When managing industrial properties, our teams have to understand the tenant use, hours, truck patterns and schedules. They also need to understand different building systems—for example, an office building doesn’t consider dock levelers, a turning radius, multiple docks, truck traffic and the many types of roofing systems due to the size of the buildings.
We also spend much more time understanding what is happening inside the space. Each industrial asset is different and we can better serve our tenants by understanding what they need from the building to enhance their experience and make sure we deliver what helps them operate most efficiently.
The exciting challenge of managing industrial assets is serving many remote locations at one time. That requires special skills in organization, technology tools and time management. We want our industrial managers out at properties and visiting tenants for 50 percent of their day, so having these skills and tools really makes a difference in our service platform.
What skills does an effective industrial property manager have in 2020?
Szarzynski: An effective industrial property manager can easily adapt to different situations, has great people skills, is capable of managing multiple assets and often multiple clients, and keeps everything running smoothly. An innovative and strategic thinker goes a long way especially if they manage assets with vacancy. Working with leasing teams to fill vacancies has grown into a key skill requirement for our teams.
How do management strategies between suburban and urban assets differ?
Szarzynski: Urban assets are typically older with more unique maintenance requirements. We manage properties that have unique features requiring specialized vendors. We also find that an urban tenant base occupies more office space than warehouse, based on limited truck parking and dock locations. We also see that our teams managing urban assets are dealing with more frequent vandalism, graffiti, trespassing and other security issues.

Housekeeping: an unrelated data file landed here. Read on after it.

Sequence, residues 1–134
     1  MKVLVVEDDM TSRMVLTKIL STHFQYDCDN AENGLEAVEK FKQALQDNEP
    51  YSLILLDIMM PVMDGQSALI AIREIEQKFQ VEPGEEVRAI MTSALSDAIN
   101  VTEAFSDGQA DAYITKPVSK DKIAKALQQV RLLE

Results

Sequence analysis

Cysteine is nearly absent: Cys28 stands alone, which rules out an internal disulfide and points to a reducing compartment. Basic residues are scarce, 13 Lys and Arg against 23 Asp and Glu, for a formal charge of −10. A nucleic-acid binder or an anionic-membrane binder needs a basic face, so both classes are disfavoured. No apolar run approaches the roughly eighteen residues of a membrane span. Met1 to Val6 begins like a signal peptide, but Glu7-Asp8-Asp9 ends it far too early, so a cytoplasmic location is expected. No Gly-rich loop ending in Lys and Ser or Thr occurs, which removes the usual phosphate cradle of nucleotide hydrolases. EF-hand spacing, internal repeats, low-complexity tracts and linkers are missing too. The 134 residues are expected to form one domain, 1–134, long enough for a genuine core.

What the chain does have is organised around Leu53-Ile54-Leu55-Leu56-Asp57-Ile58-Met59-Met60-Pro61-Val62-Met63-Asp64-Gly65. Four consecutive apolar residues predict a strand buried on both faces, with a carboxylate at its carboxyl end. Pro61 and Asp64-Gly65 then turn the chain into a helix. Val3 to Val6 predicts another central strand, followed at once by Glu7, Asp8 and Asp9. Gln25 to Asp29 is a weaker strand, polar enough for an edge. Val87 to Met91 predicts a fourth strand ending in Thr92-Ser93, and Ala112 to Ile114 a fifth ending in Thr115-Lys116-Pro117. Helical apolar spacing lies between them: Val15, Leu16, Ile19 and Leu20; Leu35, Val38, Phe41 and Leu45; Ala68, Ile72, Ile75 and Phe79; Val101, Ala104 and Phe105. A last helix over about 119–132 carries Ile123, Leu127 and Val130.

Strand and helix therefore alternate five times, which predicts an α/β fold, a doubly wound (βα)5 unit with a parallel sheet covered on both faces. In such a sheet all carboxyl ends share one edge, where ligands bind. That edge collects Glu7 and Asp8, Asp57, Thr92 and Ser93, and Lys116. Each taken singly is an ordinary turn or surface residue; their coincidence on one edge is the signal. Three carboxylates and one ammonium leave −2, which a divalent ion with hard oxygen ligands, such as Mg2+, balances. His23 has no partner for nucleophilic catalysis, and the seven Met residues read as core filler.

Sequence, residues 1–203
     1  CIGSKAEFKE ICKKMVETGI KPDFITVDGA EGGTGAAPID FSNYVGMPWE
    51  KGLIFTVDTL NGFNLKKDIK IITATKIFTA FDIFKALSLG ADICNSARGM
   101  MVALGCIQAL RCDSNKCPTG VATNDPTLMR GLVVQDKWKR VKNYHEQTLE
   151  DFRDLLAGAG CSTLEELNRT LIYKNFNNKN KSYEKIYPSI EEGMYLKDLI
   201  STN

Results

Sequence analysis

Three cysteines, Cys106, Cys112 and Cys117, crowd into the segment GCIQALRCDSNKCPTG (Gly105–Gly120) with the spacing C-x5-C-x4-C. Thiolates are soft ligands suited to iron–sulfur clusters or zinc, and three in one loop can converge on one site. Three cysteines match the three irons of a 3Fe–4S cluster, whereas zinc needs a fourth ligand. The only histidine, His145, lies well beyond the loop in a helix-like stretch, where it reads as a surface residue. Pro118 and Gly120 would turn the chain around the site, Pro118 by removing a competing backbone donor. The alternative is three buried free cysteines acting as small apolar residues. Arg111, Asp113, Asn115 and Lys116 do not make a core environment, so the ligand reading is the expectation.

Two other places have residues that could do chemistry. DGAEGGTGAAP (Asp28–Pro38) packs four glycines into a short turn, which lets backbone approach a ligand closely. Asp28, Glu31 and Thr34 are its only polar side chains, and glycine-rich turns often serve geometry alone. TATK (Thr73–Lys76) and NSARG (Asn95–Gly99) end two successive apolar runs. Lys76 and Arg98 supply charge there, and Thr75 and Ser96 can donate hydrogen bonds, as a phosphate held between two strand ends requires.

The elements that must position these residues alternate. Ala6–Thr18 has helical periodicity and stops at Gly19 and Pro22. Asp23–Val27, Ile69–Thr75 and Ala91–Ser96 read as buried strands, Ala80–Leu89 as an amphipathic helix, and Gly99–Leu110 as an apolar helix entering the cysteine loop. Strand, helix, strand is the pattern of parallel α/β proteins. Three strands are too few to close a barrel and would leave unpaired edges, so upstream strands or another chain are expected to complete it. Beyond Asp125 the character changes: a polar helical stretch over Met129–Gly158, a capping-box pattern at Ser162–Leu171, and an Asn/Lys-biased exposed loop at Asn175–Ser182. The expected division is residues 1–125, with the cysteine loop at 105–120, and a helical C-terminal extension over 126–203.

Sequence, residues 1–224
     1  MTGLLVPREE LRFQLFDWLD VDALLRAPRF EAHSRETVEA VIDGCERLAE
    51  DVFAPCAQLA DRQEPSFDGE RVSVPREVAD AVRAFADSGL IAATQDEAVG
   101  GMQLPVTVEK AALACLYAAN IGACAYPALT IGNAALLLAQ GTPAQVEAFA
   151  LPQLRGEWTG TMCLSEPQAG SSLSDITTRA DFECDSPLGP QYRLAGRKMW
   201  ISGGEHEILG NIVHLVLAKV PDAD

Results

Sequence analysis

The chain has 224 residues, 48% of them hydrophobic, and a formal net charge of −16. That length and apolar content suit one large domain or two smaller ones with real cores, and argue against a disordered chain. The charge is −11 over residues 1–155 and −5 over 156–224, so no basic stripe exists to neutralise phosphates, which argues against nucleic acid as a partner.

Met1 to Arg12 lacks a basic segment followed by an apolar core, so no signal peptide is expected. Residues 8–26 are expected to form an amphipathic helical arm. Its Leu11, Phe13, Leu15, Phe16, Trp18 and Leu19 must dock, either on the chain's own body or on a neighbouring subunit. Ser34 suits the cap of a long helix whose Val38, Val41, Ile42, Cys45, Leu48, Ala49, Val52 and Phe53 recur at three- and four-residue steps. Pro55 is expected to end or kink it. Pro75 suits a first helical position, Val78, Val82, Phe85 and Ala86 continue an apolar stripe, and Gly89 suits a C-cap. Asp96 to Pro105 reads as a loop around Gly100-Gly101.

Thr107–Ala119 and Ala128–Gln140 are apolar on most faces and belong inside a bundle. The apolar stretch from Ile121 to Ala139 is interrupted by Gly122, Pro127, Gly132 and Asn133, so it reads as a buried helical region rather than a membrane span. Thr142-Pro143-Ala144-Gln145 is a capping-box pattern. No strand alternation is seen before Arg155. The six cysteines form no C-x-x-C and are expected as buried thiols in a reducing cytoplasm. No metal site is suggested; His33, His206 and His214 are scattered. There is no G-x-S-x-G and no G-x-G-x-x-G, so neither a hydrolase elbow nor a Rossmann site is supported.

Tell us about one key way that technology has impacted operations at properties your firm manages.
Szarzynski: The most impactful technology that NAI Hiffman has implemented includes online work order, preventive maintenance and accounting technology tools that enable our managers to approve invoices and work orders, complete asset inspections and monitor tenant requests and responses, all while on the road conducting site visits and visiting tenants. Modern tech also allows us to remotely monitor vacant spaces using sensors for temperature and water intrusion, and security monitoring inside and outside the facility.
How have shifts towards higher energy efficiency affected management strategies?
Szarzynski: The biggest shift we have seen regarding energy efficiency has been in lighting systems. Most tenants, if not all, are moving to more energy-efficient LED fixtures—both interior and exterior. The paybacks and costs have come down significantly over the last five years.
How do you anticipate the role of property managers will change in the next five years?
Szarzynski: The sophistication level required of property managers will continue to grow, to keep up with the high demands of our clients and the increasing uses of technology. Understanding the financial impact of what we do as property managers and how we can increase value will continue to be more important as our asset manager clients look for additional ways to leverage the skills of their service providers. Those property managers who only think about building operations and the expense part of the P&L will lose value over time. Property managers who understand the larger spectrum of operations—how to enhance returns—will be more valuable to their firms and clients.
We will also see landlords taking on more responsibility for things currently being managed directly by the tenant. This means property managers will need to ensure the asset and its equipment is being protected properly on behalf of the owner. We are already seeing large firms using shorter lease forms with higher rates to cover the added services being provided that have typically been considered a tenant responsibility.